Go to Homepage
An exclusive collection of the best Asian hotels, resorts and spas

Winners of 2023 Smart Travel Asia 20th Anniversary Best in Travel Poll


Green retreats and a spot of oil

There's more than just fair dinkum tucker and shrimps on the barbie Down Under. Check out some top Australia spa resorts and boutique lodges where the pampering is well nigh perfect.

Visit our Fackbook pagePrintE-mail PageHotel ContactsSlide Show

by Judy Chapman

updated by Jane McLean

SEE ALSO Cairns guide | Melbourne guide | Sydney fun guide | Outback fun guide | Bali Spas | India Spas | Malaysia Spas | Taipei Spas | Thailand Spas

Australia spa resorts guide, Peppers Cradle Mountain Lodge

Cradle Mountain Lodge/ photo: hotel

AUSTRALIA is fertile ground for the wellness bandwagon. Imagine the hum of a live didgeridoo around a spring-fed billabong, ancient stones pressed to aching muscles, and treatments made from locally grown ingredients. Australia provides a myriad of natural spa wonders. Pick from pure pampering to personal empowerment. Here’s a guide to the best Australian spa resorts around.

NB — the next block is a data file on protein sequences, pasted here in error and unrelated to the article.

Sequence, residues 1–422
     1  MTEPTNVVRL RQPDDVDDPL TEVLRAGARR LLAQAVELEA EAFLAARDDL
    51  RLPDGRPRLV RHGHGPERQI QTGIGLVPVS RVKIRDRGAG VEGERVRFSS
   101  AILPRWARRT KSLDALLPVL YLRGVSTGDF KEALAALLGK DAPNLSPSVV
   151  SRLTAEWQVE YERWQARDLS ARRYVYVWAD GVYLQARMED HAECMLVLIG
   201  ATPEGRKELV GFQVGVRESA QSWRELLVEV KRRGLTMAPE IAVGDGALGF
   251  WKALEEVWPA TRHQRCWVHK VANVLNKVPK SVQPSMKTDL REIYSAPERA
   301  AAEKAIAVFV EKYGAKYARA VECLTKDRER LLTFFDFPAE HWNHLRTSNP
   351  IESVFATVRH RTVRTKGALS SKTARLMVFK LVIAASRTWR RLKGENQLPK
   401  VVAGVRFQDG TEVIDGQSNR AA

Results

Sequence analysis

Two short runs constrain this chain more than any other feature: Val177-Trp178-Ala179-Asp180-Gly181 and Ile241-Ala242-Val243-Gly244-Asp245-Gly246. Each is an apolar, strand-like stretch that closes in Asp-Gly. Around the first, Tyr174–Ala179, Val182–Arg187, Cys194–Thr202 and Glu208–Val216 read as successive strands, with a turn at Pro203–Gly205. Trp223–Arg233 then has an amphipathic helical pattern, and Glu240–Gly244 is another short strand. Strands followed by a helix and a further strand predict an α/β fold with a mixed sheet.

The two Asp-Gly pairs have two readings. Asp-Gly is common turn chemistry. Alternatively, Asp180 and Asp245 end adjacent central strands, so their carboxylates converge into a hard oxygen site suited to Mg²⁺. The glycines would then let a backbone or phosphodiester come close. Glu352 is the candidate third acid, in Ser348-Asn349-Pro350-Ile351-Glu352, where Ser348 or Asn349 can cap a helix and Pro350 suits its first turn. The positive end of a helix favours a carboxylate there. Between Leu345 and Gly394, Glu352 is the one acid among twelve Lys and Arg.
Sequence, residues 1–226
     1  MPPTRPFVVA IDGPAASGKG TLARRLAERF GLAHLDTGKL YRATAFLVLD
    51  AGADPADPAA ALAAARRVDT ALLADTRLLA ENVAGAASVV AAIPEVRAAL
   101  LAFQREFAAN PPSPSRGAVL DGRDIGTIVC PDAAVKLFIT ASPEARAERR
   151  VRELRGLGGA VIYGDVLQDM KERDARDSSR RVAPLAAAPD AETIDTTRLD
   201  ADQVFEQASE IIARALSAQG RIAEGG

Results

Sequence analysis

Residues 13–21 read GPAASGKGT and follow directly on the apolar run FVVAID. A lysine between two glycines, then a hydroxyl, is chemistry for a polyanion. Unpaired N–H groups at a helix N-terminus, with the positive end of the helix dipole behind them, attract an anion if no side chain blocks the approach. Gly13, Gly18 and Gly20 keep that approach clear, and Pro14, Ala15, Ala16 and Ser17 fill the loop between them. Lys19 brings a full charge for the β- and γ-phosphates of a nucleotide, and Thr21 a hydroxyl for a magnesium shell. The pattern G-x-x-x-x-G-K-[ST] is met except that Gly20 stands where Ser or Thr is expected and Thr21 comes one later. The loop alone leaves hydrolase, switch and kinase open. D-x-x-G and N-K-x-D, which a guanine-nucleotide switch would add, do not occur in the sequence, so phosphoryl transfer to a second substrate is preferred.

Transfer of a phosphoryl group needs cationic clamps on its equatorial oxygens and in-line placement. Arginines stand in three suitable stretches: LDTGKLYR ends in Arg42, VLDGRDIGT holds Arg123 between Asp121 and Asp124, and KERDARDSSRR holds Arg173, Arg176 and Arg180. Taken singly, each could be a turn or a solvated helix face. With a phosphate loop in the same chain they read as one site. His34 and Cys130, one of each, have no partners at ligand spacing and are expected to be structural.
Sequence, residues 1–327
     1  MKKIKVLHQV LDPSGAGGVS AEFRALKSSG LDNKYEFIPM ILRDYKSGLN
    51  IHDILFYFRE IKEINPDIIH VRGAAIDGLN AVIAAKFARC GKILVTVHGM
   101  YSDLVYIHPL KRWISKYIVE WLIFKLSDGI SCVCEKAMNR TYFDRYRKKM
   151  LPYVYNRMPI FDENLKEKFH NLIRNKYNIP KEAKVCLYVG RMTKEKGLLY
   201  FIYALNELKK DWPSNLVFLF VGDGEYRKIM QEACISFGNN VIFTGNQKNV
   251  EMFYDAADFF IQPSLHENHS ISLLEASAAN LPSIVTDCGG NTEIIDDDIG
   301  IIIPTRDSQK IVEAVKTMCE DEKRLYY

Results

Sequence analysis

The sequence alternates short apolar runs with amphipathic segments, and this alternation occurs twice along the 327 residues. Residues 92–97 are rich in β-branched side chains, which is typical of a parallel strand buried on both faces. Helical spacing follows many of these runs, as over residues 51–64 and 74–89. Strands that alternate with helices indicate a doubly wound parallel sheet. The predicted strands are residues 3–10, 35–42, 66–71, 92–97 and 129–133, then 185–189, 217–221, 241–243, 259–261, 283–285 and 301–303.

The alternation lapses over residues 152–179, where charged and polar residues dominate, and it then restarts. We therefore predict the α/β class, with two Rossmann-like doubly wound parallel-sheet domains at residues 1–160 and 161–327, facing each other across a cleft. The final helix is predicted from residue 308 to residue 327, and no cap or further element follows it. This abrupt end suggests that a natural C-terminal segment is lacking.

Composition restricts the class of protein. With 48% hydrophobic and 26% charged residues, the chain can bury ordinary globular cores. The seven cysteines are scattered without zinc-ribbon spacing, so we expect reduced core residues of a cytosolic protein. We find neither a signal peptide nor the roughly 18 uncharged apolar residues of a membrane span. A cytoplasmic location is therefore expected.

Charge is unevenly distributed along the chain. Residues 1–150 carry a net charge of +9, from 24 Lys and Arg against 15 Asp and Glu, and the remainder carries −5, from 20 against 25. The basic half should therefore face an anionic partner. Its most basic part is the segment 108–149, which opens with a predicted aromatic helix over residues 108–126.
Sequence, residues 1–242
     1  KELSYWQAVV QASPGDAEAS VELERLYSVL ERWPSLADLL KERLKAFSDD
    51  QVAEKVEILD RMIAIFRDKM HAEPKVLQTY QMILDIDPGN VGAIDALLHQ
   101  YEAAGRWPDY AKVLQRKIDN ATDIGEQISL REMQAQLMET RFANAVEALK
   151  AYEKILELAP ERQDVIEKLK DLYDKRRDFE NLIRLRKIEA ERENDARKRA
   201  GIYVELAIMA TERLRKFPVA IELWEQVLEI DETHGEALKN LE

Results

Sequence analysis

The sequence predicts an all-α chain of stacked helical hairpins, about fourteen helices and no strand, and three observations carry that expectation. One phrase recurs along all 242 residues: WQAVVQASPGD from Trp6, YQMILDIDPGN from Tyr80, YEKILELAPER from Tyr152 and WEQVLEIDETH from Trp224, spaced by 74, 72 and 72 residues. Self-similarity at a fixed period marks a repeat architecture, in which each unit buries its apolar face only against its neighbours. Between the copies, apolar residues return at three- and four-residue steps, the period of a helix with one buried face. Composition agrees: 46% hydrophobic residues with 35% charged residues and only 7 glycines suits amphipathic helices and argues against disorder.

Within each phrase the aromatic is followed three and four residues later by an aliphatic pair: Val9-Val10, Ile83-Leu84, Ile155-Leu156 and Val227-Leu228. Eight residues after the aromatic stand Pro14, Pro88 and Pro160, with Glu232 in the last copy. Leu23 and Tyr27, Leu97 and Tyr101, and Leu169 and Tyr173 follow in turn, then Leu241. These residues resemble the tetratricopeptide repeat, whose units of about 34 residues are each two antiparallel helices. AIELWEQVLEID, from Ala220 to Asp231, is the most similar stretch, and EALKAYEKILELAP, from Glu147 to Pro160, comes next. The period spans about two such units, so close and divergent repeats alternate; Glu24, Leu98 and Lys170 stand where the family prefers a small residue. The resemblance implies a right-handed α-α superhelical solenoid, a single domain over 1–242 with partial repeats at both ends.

Landed in Melbourne? Multiculturalism is the soul of this city so it makes sense that Chuan Spa at The Langham embraces traditional Chinese medicine as its spa mantra. The décor is Oriental with rich red, black and gold interiors with an Eastern-inspired treatment menu. The theme here is all about restoring balance. As well as features such as the colour therapy sauna, the spa offers tai chi, yoga and Pilates classes. Prices range from A$100 for a 30-minute body scrub to A$750 for the deluxe “Serenity Shen” couple’s treatment. If you’re in need of a Melbourne spa hotel, mark this in your diary.

Slide show Slide Show E-mail Page E-mail Page Print Print Hotel contacts Hotel Contacts

Another lifestyle option with excellent facilities is The Lyall Spa, part of a chic boutique hotel situated in South Yarra, one of Melbourne’s more upmarket and cosmopolitan areas. Popular with celebs, high profile fashion and television personalities, the spa has eight treatment rooms with dedicated areas for hydrotherapy, pedicure and manicures, relaxation and professional makeup.

Australia Spas, Chuan Spa at The Langham Hotel

Langham's Chuan Spa/ photo: hotel